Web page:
A new pilot study has found abnormalities in the lungs of long Covid patients who had not experienced severe illness but experienced the symptom of breathlessness.

The Explain study used the gas xenon as part of MRI scans to investigate possible lung damage in the patients who had not been admitted to hospital, but continue to experience the symptom.

As part of the study patients were required to breathe in one litre of the gas which behaves similarly to oxygen in the lungs, so radiologists could observe how it moves from the lungs into the bloodstream.

The initial results of the study suggested there was significantly impaired gas transfer from the lungs to the bloodstream in the long Covid patients despite other tests including CT scans coming back as normal.

The study's chief investigator, consultant and Professor of Radiology at the University of Oxford Fergus Gleeson, said that similar abnormalities had been found in patients studied after having been in hospital.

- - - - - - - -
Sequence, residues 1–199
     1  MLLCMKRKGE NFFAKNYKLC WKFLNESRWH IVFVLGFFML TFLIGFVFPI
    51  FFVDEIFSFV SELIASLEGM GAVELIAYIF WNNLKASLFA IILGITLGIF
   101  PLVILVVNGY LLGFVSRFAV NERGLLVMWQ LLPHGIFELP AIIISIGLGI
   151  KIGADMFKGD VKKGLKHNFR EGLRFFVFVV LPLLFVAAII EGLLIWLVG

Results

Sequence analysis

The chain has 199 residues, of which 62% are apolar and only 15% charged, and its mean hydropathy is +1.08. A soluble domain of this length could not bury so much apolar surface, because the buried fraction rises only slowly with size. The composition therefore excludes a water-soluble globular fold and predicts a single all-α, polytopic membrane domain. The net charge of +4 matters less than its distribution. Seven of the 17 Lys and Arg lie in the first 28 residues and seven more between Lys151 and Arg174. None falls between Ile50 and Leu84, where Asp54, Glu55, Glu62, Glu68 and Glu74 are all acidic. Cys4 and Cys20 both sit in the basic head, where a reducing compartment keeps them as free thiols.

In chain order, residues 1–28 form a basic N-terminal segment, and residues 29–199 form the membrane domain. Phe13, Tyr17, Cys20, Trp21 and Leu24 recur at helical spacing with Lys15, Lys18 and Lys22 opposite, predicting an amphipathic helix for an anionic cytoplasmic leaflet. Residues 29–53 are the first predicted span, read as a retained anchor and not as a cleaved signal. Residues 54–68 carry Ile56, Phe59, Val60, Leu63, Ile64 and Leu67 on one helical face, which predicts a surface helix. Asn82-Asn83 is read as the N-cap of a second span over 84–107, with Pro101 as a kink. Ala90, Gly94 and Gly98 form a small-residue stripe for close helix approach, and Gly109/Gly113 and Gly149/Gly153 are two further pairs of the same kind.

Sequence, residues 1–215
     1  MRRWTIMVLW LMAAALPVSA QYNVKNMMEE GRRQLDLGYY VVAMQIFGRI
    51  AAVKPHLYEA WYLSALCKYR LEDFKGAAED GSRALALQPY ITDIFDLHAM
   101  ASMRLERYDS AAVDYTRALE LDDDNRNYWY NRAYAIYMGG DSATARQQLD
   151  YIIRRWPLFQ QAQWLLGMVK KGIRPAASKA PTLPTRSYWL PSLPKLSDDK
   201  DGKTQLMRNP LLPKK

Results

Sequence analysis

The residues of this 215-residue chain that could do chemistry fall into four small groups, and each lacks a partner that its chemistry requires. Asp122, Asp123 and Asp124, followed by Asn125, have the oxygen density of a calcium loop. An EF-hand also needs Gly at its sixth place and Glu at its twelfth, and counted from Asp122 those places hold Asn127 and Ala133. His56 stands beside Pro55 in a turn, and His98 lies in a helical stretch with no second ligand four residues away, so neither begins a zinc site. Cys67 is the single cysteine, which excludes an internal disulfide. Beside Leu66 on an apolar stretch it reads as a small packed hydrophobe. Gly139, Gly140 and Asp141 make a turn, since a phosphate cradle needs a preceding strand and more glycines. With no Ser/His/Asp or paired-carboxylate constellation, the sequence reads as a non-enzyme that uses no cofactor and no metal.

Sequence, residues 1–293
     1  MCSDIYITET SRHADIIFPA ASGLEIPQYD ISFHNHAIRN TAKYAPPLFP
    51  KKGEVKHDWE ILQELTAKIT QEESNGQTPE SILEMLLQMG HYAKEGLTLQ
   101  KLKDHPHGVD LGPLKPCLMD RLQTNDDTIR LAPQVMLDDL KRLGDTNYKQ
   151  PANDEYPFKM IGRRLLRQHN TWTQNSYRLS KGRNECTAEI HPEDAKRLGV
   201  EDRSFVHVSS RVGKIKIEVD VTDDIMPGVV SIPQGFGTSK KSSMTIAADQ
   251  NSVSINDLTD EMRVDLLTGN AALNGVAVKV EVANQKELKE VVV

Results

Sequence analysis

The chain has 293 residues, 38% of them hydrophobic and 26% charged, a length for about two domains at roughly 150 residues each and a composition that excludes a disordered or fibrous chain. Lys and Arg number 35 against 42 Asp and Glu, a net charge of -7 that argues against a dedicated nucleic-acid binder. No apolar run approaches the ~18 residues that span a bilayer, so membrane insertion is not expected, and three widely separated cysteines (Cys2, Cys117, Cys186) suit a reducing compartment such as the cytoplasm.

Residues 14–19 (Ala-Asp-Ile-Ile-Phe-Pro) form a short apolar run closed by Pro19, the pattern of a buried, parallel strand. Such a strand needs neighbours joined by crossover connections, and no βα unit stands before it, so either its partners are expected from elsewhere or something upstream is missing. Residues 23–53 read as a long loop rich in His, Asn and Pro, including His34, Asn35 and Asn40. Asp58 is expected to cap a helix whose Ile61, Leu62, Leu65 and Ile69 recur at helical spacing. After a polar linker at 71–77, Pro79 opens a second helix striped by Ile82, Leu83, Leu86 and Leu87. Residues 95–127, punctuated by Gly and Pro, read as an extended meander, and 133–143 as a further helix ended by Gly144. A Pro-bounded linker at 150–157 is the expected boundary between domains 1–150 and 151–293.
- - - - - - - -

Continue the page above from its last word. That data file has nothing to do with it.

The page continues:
"These patients have never been in hospital and did not have an acute severe illness when they had their Covid-19 infection. Some of them have been experiencing their symptoms for a year after contracting Covid-19.

"There are now important questions to answer. Such as how many patients with long Covid will have abnormal scans, the significance of the abnormality we've detected, the cause of the abnormality and its longer-term consequences.

"Once we understand the mechanisms driving these symptoms, we will be better placed to develop more effective treatments."

As these findings have not yet been peer reviewed, the Explain study will recruit about 400 participants to develop these early findings on a larger scale.